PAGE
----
I think it was the 4th day of my dad’s trip that we slated as our day to spend in Jerusalem. Our sightseeing up to that point had consisted of seeing the Bahai Gardens in Haifa. Unless you count looking out the window on the drive from the airport as a cultural experience, my dad and I had not accomplished much in terms of seeing this ancient, famous country. Thus, that Sunday we woke up early and headed off for the Holy City.
The first thing we saw upon arriving in the city was a wall of traffic. Smooth sailing down the toll road had transformed into a bottleneck on the hill leading up to Jerusalem. This was probably an ominous sign considering how the first half of our day would go. We were anxiously trying to make it to the Jaffa Gate by 11 AM so we could take the free walking tour that I had read about online. Even though I swear we were following all the signs pointing us toward the Old City, we apparently made several wrong turns, then decided to just cut our losses by parking and hailing a cab. Thank god we did, because we were headed in the complete wrong direction. About 10 minutes later we were outside Jaffa Gate, the tour had not left yet, and things were looking good.
We approached the woman who appeared to be in charge to make sure that we were in the right place. She assured us this was the spot to be, but she also assured us that it was not actually the free tour that we wanted, but rather the tour that would take us to several important sites that the the free tour missed out on. As much as I would like to blame my dad for being suckered in by such an obvious money-making ploy, I have to say that the tour sounded like it was worth the money. For only 75 shekels (about 20 bucks) each we could go with a smaller group that was seeing multiple intriguing places that the free tour passed on. We ponied up the money, took our ticket, and waited anxiously for the start of what was sure to be a fun, enriching and holy experience. Oh, the pleasures of being naïve.
Everything began about 5 minutes later, when our guide Philip gathered us up and began his intro speech. I don’t really remember much about this other than that he made a big point about the importance of keeping up with the group, because he would be moving a little faster than usual for the first half hour so that we could make it to the Temple Mount by a certain time. He also warned to stay close when moving through the construction zone that made up the first leg of the tour. He picked the biggest guy in our group and told him to bring up the rear. When this guy showed up to where Philip was standing that would be the sign that the group was together and that the tour could continue. And with that, Philip was off, darting into the swirling throngs of people that covered the sidewalk around the construction zone. Keep in mind he carried no flag, or megaphone, or anything that might make it easier for the group to keep track of his whereabouts.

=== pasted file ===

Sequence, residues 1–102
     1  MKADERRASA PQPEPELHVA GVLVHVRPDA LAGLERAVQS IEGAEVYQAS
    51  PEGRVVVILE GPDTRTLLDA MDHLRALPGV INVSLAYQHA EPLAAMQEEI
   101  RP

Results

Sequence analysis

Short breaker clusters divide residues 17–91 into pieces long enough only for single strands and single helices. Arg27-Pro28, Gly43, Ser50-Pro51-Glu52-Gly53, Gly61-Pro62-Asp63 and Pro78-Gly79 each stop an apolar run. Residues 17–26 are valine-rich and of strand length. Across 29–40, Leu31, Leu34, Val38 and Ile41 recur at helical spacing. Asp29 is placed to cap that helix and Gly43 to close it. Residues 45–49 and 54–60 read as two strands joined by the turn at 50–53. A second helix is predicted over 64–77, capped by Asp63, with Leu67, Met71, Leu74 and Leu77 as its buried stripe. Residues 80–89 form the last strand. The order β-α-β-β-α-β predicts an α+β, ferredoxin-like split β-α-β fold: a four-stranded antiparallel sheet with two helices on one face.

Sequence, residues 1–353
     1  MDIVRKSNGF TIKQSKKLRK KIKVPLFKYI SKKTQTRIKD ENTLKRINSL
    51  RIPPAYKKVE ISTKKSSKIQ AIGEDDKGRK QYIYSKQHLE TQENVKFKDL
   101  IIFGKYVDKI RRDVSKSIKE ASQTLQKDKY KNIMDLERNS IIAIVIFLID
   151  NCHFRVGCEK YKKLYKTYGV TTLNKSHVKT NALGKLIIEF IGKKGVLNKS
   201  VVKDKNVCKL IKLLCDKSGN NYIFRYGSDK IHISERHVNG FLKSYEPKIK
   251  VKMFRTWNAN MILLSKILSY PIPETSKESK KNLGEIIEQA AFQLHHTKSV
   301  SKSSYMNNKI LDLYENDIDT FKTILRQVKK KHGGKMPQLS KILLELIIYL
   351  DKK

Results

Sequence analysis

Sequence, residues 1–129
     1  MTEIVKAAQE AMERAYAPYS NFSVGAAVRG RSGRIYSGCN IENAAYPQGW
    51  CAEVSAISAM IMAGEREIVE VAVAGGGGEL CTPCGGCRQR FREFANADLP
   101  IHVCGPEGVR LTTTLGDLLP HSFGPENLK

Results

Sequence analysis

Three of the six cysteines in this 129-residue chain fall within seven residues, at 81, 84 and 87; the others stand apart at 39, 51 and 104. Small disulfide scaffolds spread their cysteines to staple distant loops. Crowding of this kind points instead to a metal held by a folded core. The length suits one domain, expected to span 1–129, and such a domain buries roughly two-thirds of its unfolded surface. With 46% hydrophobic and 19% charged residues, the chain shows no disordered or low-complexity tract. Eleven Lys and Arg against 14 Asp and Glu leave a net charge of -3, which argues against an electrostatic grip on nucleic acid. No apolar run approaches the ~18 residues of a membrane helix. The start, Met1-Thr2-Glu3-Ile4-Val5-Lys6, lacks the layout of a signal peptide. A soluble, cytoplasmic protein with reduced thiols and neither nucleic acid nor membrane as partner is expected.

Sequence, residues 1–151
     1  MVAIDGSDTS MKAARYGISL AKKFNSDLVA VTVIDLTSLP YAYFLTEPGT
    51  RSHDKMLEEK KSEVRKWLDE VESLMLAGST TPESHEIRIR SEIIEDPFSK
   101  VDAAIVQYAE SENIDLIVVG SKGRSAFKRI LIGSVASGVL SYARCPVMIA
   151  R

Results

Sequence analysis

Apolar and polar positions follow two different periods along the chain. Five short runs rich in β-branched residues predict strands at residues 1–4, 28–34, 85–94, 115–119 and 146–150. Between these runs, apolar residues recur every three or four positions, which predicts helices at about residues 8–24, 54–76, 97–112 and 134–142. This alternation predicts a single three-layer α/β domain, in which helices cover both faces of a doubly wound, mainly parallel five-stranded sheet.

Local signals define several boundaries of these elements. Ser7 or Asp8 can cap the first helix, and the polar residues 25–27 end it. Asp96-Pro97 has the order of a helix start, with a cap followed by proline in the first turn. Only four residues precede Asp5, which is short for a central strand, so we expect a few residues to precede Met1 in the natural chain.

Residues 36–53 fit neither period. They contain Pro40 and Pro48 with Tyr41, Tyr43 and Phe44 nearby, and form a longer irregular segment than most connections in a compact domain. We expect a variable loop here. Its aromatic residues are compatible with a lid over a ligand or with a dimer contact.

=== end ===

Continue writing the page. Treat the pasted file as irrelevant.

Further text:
My father and I were somewhere in the middle of the pack, slowly bumping by the foot traffic going the opposite direction. There were thousands of people moving both ways on a slab of sidewalk about 5 feet wide. It was not ideal walking conditions to say the least. Apparently we were falling further behind, because my dad was making an effort to walk faster than normal in order to keep up. I distinctly remember saying “take it easy dad, we aren’t going to lose him.” My casualness was unflappable. This would come back to haunt me.
About a minute later we were walking through what seemed like the worlds biggest bazaar. Shops extended on both sides of the walkway for hundreds of yards, the patrons aggressively hawking their crosses, scarves and spices. After about a minute of trudging through this shopping district, we started to sense that something was wrong. Philip was nowhere to be found, and neither was the large guy who was supposed to bring up the rear. It also dawned on me that it would not make a lot of sense to plunge a whole tour immediately into the heart of all these vendors, especially when we our time was strictly budgeted. My dad and I discussed the situation and realized we could not possibly be in the right place. Yet, we decided to continue on a little longer, just in case they had turned the corner up ahead of us. I don’t know if it is just human nature, or being stubborn males, or me and my dad being an absolutely horrific team in terms of sense of direction and having poise while being lost, but we just could not yet accept that we had erred and should turn around. We simply had to make sure they were not around the corner, if only to justify having wasted so much time in the first place. This might shock you, so I hope you’re sitting down: There was nothing around the corner. Philip and his band of tourists who were capable of following a tall guy with a beard wearing a bright red shirt and a cowboy hat were long gone.